Improving Poland’s Odra River for Safety

February 5, 2015


World Bank Group

Wroclaw is Poland’s 4th biggest city, a vibrant place with an old city center and a booming nightlife. The mostly tranquil Odra River slices through the center of Wroclaw. But the city and the Odra have had an uneasy relationship for centuries. Because when the Odra floods, the people of Wroclaw know to fear for their lives and their livelihoods.

When the mountain snows melt, and it rains hard in the spring at the river’s source in western Poland and the Czech Republic, the Odra can come tearing through Wroclaw, as it did in 2010 and 1997. The city wasn’t prepared. “The Wroclaw anti-flood system before 1997 was made to absorb approximately 2,200 cubic meters of water per second,” explains Krzysztof Bros, a designer for the construction company URS. “It is estimated that in 1997, approximately 3,640 cubic meters of water per second attacked the city.” The 1997 flood killed 54 people and destroyed more than 700,000 houses, adding up to over a billion US dollars in losses.


" The huge surge won’t hit Wroclaw like it used to, it will move through the new flood control system and it won’t be like the 1997 flood. "

Wiktor Jurkiewicz

engineer, URS company

World Bank Group

Now, to prevent a repeat of ’97, construction crews are dredging and deepening the riverbed and shoring up the Odra’s embankments.  They’re updating and reinforcing the old brick walls, built by the Germans in the 19th century. Crews are building new wiers, complete with fish ladders. Two new floodgates sit smack in the center of the city. All of this is being done with help from the World Bank. New synchronized dams move water through the city, via the deeper riverbed, spillways, and canals, instead of over it, through the streets and buildings. “These works aim to spread out the volume of water going through Wroclaw,” says Wiktor Jurkiewicz, an engineer for URS. “The huge surge won’t hit Wroclaw like it used to, it’ll move through the new flood control system and it won’t be like the 1997 flood.”


" The residents of Wroclaw have always been worried about the danger of flooding. So it's important for us to see that the threat no longer exists. "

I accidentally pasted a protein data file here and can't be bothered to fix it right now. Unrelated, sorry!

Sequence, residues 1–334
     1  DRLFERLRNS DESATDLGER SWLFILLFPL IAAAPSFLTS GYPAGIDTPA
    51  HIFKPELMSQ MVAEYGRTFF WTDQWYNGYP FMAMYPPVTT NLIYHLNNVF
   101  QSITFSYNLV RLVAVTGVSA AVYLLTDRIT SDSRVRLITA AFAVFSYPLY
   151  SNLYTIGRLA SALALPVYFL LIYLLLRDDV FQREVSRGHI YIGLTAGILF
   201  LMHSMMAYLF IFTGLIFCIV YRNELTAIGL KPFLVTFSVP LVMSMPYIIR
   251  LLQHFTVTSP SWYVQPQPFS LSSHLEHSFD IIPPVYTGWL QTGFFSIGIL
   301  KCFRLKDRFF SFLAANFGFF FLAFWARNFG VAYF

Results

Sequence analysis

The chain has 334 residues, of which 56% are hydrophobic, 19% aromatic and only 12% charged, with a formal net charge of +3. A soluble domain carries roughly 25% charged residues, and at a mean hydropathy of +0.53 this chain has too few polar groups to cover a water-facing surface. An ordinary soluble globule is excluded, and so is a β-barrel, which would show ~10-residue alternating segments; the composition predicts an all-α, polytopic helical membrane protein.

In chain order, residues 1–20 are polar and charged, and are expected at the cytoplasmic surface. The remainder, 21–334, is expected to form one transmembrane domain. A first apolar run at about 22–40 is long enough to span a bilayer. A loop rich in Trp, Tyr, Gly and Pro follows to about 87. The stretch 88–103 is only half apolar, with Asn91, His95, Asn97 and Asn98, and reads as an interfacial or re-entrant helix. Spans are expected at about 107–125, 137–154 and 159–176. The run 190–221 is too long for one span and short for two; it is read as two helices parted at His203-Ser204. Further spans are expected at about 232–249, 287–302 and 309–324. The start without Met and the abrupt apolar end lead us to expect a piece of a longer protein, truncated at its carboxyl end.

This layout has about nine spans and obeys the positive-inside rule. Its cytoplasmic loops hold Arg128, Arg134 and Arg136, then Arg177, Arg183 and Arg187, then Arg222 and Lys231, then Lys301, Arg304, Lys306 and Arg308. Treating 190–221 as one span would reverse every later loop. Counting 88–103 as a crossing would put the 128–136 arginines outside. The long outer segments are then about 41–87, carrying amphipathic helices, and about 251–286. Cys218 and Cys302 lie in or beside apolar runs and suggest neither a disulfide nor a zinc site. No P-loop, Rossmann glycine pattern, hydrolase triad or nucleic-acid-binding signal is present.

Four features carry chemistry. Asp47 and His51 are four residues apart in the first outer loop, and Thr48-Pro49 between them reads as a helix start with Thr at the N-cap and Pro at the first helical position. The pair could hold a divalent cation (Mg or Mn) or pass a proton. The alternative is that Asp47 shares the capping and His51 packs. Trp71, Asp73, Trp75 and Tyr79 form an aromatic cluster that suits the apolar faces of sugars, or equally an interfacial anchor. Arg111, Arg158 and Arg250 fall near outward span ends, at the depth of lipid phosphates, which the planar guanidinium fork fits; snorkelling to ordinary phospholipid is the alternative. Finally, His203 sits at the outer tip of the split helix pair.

Anna Orynska

Wroclaw resident and tourist guide

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Searing Memories of 1997

For those who remember 1997, the upgrades point to a whole new relationship with the river. New lights and plantings along the banks will turn the Odra from something to be feared into something to be cherished. Anna Orynska is both a Wroclaw resident and tourist guide in the city. “The residents of Wroclaw have always been worried about the danger of flooding, even regular rain made them feel threatened. So its important for us to see that the threat no longer exists,” she says. “Now the city faces the river with a new feeling of safety. Before, people were afraid of the Odra. It’s so important for the residents, the strengthening of the embankments, the river channel; now we can enjoy the river.”

For Jerzy Walczak, who runs a charter boat on the Odra, memories of the river’s fury still burn bright. “It was a catastrophe for many people because they lost the work of their lifetimes. When I finally made it back from work to my apartment, I couldn’t get out for three days. We lost power and we would sit and listen to the police patrolling in their boats in the streets.”

Jerzy Walczak says he’s seen a lot changes on the river already. And as the flood protection work gets wrapped up over the next few years, he hopes the Odra will become a place for swimmers, boaters and fishermen, instead of a force to be feared.


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